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Solon Legion fundraiser feeds foundation

SOLON– It’s a gift that keeps giving.
Over the last two years, Solon American Legion Stinocher Post 460’s annual golf outing raised $11,500 for the Iowa American Legion Foundation.
The local Legion presented a $6,000 check to the foundation during a Sunday, Sept. 27, ceremony in Solon, and the foundation used the occasion to hand out awards to District 1 recipients, including the Solon Firefighters Association.
“We are a very unique and very blessed community,” Solon Tri-Township Fire Department Chief Bob Siddell said in accepting the $2,500 check. “This is just one of the reasons why we do what we do.”
Siddell, a 36-year veteran of the department, explained the association is in the process of building a new fire station, having run out of space at its existing facility. The call volume for the department has continued to increase, he said, with firefighters responding almost twice a day.
The Solon department covers 110 square miles, the largest geographic service area in Johnson County, and as the community increases in population, he said, the needs for the department are expanding.
“We need more equipment and we just don’t have the room,” he said, noting the current station was built in 1959 with an addition in 1991.
The association started fundraising two years ago, but has not collected enough money, he acknowledged.
“We know it’s a lot of money,” Siddell admitted, but it’s needed for the community.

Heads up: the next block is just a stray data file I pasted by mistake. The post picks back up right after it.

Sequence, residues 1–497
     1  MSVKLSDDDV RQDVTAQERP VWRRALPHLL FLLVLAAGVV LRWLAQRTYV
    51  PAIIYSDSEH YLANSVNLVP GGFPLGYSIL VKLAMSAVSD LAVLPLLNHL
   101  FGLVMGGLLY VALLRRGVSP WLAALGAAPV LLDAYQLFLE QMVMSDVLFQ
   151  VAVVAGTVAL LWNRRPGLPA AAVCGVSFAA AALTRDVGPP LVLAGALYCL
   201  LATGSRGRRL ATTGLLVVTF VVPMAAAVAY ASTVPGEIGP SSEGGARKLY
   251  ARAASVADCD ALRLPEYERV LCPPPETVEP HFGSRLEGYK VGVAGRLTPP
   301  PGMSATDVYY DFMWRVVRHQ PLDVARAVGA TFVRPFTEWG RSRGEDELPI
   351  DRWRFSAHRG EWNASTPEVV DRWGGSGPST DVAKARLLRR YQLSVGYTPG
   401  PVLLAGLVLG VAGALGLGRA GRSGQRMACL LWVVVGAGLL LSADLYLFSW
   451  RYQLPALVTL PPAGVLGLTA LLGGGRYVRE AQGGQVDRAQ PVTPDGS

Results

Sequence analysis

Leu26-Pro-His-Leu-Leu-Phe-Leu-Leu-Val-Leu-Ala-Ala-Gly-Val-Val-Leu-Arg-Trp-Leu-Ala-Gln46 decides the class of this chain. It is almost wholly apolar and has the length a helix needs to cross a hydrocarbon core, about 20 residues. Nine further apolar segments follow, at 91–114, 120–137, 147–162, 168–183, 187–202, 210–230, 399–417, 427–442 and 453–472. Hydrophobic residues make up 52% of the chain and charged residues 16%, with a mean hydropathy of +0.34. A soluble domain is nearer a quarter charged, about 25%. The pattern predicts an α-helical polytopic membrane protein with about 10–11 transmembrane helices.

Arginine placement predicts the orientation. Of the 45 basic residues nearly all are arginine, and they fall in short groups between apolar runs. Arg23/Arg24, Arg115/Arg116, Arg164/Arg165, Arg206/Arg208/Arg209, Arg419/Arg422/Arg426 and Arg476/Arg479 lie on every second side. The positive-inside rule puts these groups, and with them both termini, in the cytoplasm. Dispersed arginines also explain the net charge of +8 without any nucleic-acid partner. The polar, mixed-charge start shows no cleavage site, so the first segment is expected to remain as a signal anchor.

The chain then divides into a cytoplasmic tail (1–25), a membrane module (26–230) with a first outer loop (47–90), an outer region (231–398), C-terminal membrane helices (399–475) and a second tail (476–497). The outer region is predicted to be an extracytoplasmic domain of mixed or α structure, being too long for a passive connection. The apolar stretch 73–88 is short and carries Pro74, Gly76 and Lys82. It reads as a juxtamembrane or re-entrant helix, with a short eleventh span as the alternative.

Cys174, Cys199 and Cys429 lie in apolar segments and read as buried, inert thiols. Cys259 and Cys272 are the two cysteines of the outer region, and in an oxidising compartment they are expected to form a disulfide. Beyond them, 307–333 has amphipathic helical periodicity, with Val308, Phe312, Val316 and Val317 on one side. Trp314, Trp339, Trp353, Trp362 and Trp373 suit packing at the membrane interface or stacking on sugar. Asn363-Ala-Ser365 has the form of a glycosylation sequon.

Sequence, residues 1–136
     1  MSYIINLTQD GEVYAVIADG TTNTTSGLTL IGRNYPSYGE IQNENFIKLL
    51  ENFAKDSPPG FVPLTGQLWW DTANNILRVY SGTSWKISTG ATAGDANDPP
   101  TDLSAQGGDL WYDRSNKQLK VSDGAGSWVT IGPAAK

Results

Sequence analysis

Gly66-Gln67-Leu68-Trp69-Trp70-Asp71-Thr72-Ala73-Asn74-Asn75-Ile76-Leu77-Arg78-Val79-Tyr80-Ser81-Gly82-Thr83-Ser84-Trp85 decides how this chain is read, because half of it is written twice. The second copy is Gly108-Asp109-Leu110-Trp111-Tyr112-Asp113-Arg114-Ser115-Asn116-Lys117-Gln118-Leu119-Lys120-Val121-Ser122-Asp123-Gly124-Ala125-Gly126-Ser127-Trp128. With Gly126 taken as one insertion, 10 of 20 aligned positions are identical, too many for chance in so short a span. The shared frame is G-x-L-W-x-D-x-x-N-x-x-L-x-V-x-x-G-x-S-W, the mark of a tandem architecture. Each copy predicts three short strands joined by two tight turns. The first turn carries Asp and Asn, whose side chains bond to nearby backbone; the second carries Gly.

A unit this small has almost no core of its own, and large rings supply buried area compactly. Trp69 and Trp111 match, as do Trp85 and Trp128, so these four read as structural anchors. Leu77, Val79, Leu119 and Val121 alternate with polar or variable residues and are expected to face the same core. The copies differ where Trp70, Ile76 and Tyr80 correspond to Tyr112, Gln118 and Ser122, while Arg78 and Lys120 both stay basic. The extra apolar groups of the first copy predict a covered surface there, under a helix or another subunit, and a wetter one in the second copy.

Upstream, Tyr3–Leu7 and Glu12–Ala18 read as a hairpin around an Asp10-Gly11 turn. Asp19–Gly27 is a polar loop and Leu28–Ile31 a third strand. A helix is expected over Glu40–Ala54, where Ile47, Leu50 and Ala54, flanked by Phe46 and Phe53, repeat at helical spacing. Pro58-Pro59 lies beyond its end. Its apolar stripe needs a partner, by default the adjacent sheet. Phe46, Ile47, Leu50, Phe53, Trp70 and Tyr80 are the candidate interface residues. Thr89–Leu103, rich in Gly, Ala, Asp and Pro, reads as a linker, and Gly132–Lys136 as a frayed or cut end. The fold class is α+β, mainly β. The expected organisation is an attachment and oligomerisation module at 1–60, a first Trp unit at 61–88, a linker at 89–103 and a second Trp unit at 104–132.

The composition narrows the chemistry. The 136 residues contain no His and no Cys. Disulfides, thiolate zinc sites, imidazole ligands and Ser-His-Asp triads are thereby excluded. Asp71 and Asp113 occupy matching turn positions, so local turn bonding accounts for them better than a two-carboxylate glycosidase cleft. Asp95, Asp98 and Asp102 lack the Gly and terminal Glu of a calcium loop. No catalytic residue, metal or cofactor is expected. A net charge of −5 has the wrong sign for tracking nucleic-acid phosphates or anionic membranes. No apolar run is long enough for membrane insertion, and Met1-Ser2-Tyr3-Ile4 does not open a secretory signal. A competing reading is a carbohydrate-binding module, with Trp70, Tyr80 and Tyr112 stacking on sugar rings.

“It will be here for the community for a long, long time,” he concluded.
The fire association’s check was one of several presented by the foundation during the special event.
The Iowa American Legion Foundation has awarded grants for 42 years, but this was the first time Solon’s post hosted, explained President David Rehbein.
The Iowa American Legion Foundation was formed in 1978 to help support the people and the organizations that were out doing things the kinds of things the Legion believed in– community service, youth programs, veterans rehabilitation and Americanism, he said.
Rehbein, a former National Legion Commander, said the foundation has awarded over $2 million cumulatively in grants, with over $100,000 given across the state in the current year.
In 2020, he said, the foundation funded about 35 scholarships for veterans and veterans’ families going to community colleges and small universities.
“It really makes you feel good you helped a veteran get started on a career path that’s really going to give back to one of our communities,” he observed.
Funds are generated by the foundation’s investments and honorees are selected annually at a meeting of nine district directors.
Solon’s Larry Swann is in his third term as a director for District 1, and helped hand out checks at the Legion ceremony.
Other recipients included ARC of Southeast Iowa, which received $2,000 to go toward the purchase of a bus.
ARC of Southeast Iowa provides services and support to individuals with disabilities, primarily those with developmental disabilities, and their families. The accessible bus will support day programs and summer camps that currently rely on staff transporting clients, including those from Solon, in individual vehicles.